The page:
While plastic pollution is a major threat to oceans, there is growing awareness that tiny fragments of plastic are getting into so much more - from our tap water, to our agricultural soils, and certainly into the Great Lakes and Georgian Bay. As plastic use continues to intensify, and plastic litter assaults our enjoyment of natural landscapes, shorelines and water - there are enormous unknowns about the impacts of so many tiny fragments of plastics on the environment - including the food chain and animal and human health. With your support, Georgian Bay Forever will continue to work and partner to find answers and solutions to mitigate microplastic pollution in Georgian Bay.
[Updates added in November, 2019]
Links for microplastics:
- An Introduction
- Microfibres in the Great Lakes Basin
- What are the effects?
- Research we followed
- Part 1: What GBF is doing. , Parry Sound: Divert and Capture 2019 and ongoing . GBF is working with you to reduce microfibres entering Georgian Bay.
- Part 2, NEW: Driving distribution of technology to divert garbage and plastics in strategic locations. Learn about seabins and gutter bins.
- Macroplastics turn into microplastics. Shoreline cleanups help!
- The beach is not an astray!
- Conclusion and what you can do
- Further reading: Links to other articles on microplastics
How much plastic is out there?
Measuring how many pieces of plastic are in the environment is not an easy task. To quantify floating plastic, I have towed fine-mesh nets aboard research vessels and boats conducting citizen science, such as the youth training tall ships of Toronto Brigantine. Quantifying the number of microplastics can be time consuming – particles are individually separated, sorted, and counted.While information on microplastics in the Great Lakes is limited compared to marine environments like the ocean gyres, a study on three of the Great Lakes (Lake Superior, Lake Huron and Lake Erie) showed the average abundance in surface water was approximately 43,000 microplastic particles per square kilometer. In 2014, surface water was sampled in Lake Erie, Lake Ontario, and the rivers that feed into them. Recorded abundances of microplastics were between 90,000 and 6.7 million particles per square kilometer. These levels of microplastics are similar to and even exceed concentrations found in ocean gyres like the “Great Pacific Garbage Patch.” The kinds of microplastics found in these studies — largely fibers, fragments and spheres — are distinct, and tell a story of the people that inhabit the Great Lakes Basin.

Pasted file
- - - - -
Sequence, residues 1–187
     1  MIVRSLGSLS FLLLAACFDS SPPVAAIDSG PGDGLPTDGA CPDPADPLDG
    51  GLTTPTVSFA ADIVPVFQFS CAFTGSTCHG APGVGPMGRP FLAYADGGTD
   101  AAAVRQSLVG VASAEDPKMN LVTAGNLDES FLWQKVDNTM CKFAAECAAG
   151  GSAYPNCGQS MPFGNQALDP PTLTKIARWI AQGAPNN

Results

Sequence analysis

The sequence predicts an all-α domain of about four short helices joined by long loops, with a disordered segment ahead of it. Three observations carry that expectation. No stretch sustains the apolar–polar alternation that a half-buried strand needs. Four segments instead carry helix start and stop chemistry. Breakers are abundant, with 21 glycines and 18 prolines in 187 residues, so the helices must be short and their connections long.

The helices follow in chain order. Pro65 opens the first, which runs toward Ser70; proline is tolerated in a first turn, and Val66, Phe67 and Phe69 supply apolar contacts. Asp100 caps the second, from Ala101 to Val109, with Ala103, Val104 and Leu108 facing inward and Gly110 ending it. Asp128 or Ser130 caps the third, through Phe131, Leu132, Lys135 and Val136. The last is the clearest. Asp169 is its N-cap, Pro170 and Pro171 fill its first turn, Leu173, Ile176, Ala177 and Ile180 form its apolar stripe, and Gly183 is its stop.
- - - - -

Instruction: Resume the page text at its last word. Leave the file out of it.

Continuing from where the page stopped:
Microfibres in the Great Lakes Basin
Microfibres (ers) are some of the most common microplastics in the Great Lakes. Derived from synthetic textiles (e.g. polyester, acrylic, polypropylene, polyamide and polyethylene), microfibers may enter the environment in many ways.One known pathway is shedding from clothing, with studies on synthetic textiles showing that some articles can shed 100,000 microfibers in a single wash. While wastewater treatment plants (WWTPs) may capture up to 90% of microfibers entering these facilities, a recent study in the United States showed that a single WWTP can discharge up to 5 million microplastic particles per day, even when serving catchment areas of around 100,000 people. And with approximately 34 million people living in the Great Lakes Basin, the total load of microfibers entering natural waterways is substantial.